Figure 6. Bench-top front-end module test setup.the GBT payload from/to the PC is done through a GbE connection. The SRAM can be used forintermediate storage, if necessary.Figure 6 shows a bench-top setup for testing front-end modules not equipped with GBT. Forthe direct communication with the front-end chips, the GLIB is equipped with an e-link FMC emulating a GBT-e-port functionality (shown as a large yellow square block). The GLIB is alsoequipped with a TTC FMC. The configuration of the GLIB as well as the transfer of the GBT payload from/to the PC is done through a GbE connection. The SRAM can be used for intermediatestorage, if needed.For the powering of both bench-top setups highlighted in figures 5 and 6, an external powersupply is used. Figure 7 shows a system test setup in a µ TCA crate. The crate is managed bya MicroTCA Carrier Hub (MCH) controlled through a GbE link. The GLIB is equipped with aTTC FMC. The GLIB communicates with the front-end via GBT links. The configuration of theGLIB as well as the transfer of the GBT payload from/to an AMC CPU is done through the MCH–5–2010 JINST 5 C11007Figure 5. Bench-top beam test setup.

PCIe switch. The AMC CPU can store the data to an AMC storage medium through a SerialAdvanced Technology Attachment (SATA) link.4Summary and statusThis paper has introduced the GLIB, an evaluation platform currently under development for usersof high speed optical links in high energy physics experiments. Its architecture and main featuresas well as some of the various possible configurations have been presented. The PCB layout ofthe board is on-going and is expected to be completed by the end of 2010. A first prototype of theboard is expected in early 2011. We envisage that the GLIB board will be easily adapted to variousother applications thanks to its variety of interfaces. More details and up-to-date information aboutthe GLIB project can be found in the GLIB project web page [8].AcknowledgmentsThe authors would like to thank many colleagues who are contributing to this work, in particularGregory Iles of Imperial College and Jean-Pierre Cachemiche of Centre de Physique des Particulesde Marseille.References[1] P. Moreira et al., The GBT, a proposed architecture for multi-Gb/s data transmission in high energyphysics, in Proceedings of the Topical Workshop on Electronics for Particle Physics TWEPP-07,CERN-2007-07 (2007) pp. 332–336.[2] L. Amaral et al., The versatile link, a common project for super-LHC, 4 JINST 2009 P12003–6–2010 JINST 5 C11007Figure 7. µ TCA crate system test setup.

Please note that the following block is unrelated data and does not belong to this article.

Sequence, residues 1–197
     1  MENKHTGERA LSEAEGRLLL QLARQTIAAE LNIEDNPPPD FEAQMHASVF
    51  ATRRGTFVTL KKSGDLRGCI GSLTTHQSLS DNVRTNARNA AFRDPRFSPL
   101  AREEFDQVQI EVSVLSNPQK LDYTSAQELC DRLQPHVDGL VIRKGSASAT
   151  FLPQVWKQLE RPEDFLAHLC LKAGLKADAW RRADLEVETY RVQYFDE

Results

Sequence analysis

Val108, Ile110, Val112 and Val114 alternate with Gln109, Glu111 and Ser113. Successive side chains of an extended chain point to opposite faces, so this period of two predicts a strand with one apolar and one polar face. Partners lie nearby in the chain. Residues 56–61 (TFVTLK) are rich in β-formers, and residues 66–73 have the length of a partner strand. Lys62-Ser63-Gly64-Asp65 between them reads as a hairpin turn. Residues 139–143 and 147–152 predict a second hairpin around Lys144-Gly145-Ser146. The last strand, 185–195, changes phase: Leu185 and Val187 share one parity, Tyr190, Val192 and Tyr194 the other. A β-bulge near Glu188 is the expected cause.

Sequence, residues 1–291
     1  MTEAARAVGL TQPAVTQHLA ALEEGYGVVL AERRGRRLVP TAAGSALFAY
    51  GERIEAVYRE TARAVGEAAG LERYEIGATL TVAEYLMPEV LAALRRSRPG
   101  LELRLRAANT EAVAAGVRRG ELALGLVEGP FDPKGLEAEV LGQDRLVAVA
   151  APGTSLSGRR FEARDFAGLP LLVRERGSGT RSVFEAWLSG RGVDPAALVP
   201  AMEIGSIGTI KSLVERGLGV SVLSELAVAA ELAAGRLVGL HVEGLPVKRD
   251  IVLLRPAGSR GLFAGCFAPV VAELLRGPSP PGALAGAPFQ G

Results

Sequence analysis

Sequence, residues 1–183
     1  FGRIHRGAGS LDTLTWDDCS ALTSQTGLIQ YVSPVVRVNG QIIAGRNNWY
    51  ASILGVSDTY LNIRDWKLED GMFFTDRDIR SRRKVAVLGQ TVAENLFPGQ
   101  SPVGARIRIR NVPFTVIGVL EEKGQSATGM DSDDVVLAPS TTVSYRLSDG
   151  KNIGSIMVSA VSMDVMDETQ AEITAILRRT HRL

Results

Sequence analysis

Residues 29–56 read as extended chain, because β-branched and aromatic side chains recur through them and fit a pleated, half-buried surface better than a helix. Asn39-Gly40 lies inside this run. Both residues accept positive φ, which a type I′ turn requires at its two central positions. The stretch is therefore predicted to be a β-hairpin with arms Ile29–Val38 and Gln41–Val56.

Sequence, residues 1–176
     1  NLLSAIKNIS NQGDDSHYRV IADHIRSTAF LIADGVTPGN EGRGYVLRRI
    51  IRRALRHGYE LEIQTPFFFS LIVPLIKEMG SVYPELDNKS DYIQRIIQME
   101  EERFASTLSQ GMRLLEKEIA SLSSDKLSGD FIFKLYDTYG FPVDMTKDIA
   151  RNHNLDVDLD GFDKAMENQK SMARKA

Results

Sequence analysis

[3] S. Bonacini et al., e-link: A radiation-hard low-power electrical link for chip-to-chip communication,in Proceedings of the Topical Workshop on Electronics for Particle Physics TWEPP-09,CERN-2009-06 (2009) pp. 422–425.[4] ANSI/VITA,57.1-2008 (R2010), http://www.vita.com/fmc.html.[5] PICMG, AMC.0 R2.0, November 15 ons2.cfm?thetype One&thebusid 1.[6] PICMG, MTCA.0 R1.0, July 6 ons2.cfm?thetype One&thebusid 5[8] The GLIB team, GLIB project public page, 2010 JINST 5 C11007[7] J.P. Cachemiche, MMC mezzanine board – Specification v2.0, private communication.

Figure 1 highlights the baseline configuration of a GBT — Versatile Li nk — GLIB system. On the left side, front-end (FE) ASICs are electrically connected to the GBT ASIC through e-links [3] while the GBT high-speed serial data streams are converted to/from the optical domain through the